Saturday, September 25, 2010

Debian 22

It's been a long time since I've written a Debian article. Well it's been a long time since I've written anything! Well, today I'm going to jump back onto the wagon with a quick tutorial to get your Linux system joined to an Active Directory Domain.
This article assumes that the Active Directory Domain is already fully functional. This is some background information for reference before we get started:
Domain Name: syraxius.ath.cx
Domain Controller Name: dc01.syraxius.ath.cx
Domain Controller IP:

We'll have to first synchronize our clocks with the Kerberos server. Like most authentication schemes, this is crucial. In this case, we'll make use of the already-installed NTP daemon which can function as both an NTP server and client. We'll modify the configuration file by typing:
nano /etc/ntp.conf

Scroll down to any of the servers section, and add your DC into the list:

Now, do a restart of the NTP server:
/etc/init.d/ntp restart

You should be able to see your DC listed when you type:
ntpq -p

We'll have to find some way to allow our Debian system to authenticate with an Active Directory server. This is accomplished through the Kerberos protocol. We'll install Kerberos through:
apt-get install krb5-config krb5-users

When prompted for the Kerberos server and the Administrative server for the realm, we'll use the FQDN of our Domain Controller, which is dc01.syraxius.ath.cx.

The settings are stored in the file called /etc/krb5 just in case things doesn't work out. The information you entered is under the "[realms]" section. The default realm can also be changed in the "[libdefaults]" section.

To test if our Kerberos implementation works, use the command:
kinit Administrator

kinit is a binary found in krb5-user package. This requests a logon for the user "Administrator". If no error messages occur, use the following command to check for a ticket:

Now if everything's fine, you can move on. At this point we'll install Samba and Winbind:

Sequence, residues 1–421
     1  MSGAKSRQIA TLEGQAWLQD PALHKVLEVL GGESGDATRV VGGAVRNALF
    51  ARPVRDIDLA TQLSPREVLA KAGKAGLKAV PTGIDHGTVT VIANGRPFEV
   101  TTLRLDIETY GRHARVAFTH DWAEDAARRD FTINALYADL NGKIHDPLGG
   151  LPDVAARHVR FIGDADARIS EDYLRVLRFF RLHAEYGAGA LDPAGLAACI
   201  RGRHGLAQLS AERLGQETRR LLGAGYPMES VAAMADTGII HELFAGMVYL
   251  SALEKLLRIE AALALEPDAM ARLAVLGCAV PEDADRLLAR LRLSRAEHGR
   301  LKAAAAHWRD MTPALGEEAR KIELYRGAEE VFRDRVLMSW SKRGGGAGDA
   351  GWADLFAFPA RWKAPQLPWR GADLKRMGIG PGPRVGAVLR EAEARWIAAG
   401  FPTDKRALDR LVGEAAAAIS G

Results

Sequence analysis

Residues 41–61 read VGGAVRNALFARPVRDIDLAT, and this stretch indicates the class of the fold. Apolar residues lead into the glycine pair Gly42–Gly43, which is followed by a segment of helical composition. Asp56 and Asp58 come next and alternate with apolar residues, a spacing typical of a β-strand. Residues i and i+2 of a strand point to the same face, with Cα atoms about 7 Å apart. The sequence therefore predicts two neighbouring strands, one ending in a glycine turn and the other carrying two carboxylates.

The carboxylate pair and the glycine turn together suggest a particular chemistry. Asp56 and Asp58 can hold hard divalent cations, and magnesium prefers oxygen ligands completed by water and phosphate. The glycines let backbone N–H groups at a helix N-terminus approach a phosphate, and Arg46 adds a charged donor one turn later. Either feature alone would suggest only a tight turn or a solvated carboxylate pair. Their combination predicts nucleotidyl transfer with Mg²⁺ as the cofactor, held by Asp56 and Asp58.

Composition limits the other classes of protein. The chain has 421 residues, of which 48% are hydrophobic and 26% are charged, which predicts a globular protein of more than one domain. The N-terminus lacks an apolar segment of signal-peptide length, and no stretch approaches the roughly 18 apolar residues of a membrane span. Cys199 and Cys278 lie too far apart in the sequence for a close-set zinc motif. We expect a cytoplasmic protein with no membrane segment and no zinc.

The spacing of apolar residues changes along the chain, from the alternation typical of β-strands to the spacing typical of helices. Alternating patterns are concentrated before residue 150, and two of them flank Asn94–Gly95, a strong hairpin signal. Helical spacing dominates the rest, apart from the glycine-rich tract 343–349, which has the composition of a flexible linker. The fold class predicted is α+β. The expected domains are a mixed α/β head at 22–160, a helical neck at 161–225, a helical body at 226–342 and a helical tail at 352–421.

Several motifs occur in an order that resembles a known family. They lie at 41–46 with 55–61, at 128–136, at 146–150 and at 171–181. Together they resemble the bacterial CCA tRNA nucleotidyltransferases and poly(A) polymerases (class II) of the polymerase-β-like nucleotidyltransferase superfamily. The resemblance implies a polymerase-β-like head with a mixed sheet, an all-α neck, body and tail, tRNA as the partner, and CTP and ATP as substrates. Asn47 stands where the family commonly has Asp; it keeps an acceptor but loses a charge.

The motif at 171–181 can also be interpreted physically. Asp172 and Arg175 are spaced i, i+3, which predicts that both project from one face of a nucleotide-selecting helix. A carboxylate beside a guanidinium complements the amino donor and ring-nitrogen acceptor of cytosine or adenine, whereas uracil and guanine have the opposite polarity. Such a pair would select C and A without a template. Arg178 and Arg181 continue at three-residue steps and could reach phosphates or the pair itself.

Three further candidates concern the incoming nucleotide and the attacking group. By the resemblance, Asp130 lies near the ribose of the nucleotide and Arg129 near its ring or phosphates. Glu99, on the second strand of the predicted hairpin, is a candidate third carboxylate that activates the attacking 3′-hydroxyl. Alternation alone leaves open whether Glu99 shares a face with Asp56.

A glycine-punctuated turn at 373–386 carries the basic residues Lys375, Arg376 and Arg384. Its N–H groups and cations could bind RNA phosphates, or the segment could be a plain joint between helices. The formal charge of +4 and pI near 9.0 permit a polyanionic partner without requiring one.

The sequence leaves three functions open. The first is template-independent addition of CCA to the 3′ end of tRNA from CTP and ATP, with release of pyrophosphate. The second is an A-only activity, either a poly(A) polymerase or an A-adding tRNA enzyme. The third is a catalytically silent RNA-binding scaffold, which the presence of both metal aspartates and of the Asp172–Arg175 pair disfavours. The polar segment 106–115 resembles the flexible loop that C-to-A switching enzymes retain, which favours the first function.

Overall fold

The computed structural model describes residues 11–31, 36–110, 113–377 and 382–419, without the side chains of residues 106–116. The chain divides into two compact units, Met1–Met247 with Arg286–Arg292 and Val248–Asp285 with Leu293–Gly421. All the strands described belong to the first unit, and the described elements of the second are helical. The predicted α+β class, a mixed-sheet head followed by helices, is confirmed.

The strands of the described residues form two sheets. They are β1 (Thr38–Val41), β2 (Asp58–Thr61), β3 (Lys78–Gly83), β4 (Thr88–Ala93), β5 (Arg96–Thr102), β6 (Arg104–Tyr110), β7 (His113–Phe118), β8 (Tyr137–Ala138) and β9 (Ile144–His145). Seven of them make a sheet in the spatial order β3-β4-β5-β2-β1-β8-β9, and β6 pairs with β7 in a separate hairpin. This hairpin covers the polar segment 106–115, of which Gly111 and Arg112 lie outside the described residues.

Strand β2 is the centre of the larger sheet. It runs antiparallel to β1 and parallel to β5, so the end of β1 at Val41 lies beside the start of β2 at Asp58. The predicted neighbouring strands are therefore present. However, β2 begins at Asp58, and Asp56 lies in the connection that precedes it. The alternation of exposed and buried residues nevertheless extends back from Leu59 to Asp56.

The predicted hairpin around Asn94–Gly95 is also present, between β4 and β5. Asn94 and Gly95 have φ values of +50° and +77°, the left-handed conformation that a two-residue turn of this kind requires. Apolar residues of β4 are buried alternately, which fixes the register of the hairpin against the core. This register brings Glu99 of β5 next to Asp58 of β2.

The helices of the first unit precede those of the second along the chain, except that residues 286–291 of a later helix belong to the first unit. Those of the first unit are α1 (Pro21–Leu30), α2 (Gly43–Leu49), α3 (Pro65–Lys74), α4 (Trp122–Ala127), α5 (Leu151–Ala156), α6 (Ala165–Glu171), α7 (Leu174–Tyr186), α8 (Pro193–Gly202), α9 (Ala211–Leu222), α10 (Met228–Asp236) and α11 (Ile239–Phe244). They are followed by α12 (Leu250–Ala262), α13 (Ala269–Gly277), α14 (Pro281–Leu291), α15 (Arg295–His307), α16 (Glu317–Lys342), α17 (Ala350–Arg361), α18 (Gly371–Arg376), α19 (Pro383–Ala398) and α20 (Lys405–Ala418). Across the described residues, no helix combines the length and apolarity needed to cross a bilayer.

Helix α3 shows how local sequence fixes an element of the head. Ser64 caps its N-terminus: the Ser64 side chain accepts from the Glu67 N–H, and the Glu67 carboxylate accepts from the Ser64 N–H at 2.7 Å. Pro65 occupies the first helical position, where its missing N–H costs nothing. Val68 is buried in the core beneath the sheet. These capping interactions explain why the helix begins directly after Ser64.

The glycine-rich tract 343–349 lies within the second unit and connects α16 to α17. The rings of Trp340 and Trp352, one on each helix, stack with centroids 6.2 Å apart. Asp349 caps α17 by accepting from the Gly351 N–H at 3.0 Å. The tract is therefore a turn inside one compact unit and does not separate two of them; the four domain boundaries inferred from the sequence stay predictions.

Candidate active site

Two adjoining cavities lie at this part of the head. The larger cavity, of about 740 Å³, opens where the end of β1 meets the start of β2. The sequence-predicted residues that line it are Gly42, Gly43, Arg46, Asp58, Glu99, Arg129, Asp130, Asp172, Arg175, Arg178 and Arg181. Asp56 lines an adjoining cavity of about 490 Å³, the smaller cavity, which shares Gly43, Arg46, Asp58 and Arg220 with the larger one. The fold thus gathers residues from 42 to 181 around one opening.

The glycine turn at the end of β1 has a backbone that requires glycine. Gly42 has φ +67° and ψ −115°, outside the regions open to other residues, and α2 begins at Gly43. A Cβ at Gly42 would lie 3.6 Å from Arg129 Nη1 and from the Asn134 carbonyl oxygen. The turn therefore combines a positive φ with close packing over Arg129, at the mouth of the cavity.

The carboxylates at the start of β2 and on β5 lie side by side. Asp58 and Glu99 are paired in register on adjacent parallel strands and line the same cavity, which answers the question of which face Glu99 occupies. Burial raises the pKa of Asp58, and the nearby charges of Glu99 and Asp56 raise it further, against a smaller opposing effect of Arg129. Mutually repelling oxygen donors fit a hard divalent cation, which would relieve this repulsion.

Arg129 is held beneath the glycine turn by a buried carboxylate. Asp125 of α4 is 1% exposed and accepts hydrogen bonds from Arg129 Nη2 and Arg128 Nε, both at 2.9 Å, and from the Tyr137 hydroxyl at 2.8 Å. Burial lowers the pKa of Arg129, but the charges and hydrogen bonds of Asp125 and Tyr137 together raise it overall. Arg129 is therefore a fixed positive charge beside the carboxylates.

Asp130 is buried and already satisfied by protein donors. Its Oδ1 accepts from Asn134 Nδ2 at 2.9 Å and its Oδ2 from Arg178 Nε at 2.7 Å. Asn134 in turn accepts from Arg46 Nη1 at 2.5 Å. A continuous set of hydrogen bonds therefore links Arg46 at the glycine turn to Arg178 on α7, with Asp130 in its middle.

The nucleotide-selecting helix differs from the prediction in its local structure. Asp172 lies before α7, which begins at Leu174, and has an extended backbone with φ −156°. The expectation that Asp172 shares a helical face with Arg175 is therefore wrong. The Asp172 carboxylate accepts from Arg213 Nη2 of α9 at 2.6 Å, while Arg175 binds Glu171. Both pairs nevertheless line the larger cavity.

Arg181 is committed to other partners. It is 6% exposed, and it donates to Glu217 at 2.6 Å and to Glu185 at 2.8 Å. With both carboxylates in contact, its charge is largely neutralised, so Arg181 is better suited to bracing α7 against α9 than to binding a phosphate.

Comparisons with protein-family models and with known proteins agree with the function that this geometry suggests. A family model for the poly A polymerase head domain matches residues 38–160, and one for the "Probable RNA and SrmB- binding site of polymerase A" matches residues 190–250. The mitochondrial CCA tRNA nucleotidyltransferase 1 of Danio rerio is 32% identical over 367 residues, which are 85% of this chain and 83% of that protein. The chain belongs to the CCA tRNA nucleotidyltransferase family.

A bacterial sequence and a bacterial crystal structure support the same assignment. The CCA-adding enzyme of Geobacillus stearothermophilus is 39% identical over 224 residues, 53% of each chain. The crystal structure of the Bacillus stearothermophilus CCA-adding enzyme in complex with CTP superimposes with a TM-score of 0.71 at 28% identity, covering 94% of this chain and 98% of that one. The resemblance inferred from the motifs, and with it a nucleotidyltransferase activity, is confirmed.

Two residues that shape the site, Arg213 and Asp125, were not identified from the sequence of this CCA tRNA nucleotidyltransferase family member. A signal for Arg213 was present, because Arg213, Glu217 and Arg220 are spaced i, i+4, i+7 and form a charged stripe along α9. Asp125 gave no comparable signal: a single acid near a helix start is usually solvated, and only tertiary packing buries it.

apt-get install samba winbind

winbind is a component of samba which allows UNIX systems to be full members of an Active Directory domain. Winbind shares the configuration file of samba, which is /etc/samba/smb.conf.

After installing, we'll modify the /etc/samba/smb.conf file. The first thing we'll look out for is the workgroup. The workgroup is the Netbios name of the domain. So if I'm using syraxius.ath.cx for the domain, we'll type:
workgroup = SYRAXIUS

At this point we'll need to add a line to specify the realm. This is required when we attempt to join the domain. To do this, we'll simply type:

Scroll down to the Authentication section and you'll find the line "# security = user". Add a new line to use ADS (Active Directory Service) like this:
security = ads

Directly below the domain master parameter is the UID mapping parameters. Simply uncomment them:
idmap uid = 10000-20000
idmap gid = 10000-20000
template shell = /bin/bash

We'll also have to allow winbind to enumerate the users and groups. Uncomment the below lines:
winbind enum groups = yes
winbind enum users = yes

You can also allow usershares by uncommenting the usershare section below. Usershares allow non-root users to create share definitions. We'll ignore this one for now.

Save the file and attempt to join the domain using the command:
net ads join -U Administrator

Restart winbind and samba and you should be able to use winbind to list the users and groups using:
wbinfo -u
wbinfo -g

You are still not able to do anything other than list users. If you want to log into the system with the accounts, you'll need to modify the /etc/nsswitch.conf file to look outside of the local databases. To do this, modify the file as shown:
passwd: files winbind
group: files winbind
shadow: files winbind

Next, we'll have to modify the AAA settings of the system to use winbind as well. The files to modify are:

For account, we'll add the line above the current rule:
account sufficient pam_winbind.so

Do the same for auth and session, changing the "account" keyword to "auth" and "session" accordingly. At this point you should be able to log into the system by using the domain\username convention. For example, to log into the Administrator account, simply use syraxius\Administrator as the username.

Notice that you're dumped to the root folder of the system once you're logged on. We'll now work on creating the user home folders. First, we'll modify the /etc/samba/smb.conf and add the following line below "template shell":
template homedir = /home/%D/%U

%D is substituted with the domain name (SYRAXIUS) and %U will become the user's name. However, the configuration isn't complete yet as you'll need the folder to exist first. This can be done automatically using pam_mkhomedir.so. We'll modify /etc/pam.d/common-session and add the following lines above all rules:
session required pam_mkhomedir.so skel=/etc/skel umask=022

Now you're done! But if of course, there is still some stuff that we can do. If you do not want to use the domain\name notation when logging in, simply add this line in /etc/samba/smb.conf below the "winbind enum" parameters:
winbind use default domain = yes

Now you have a domain-joined Linux computer!

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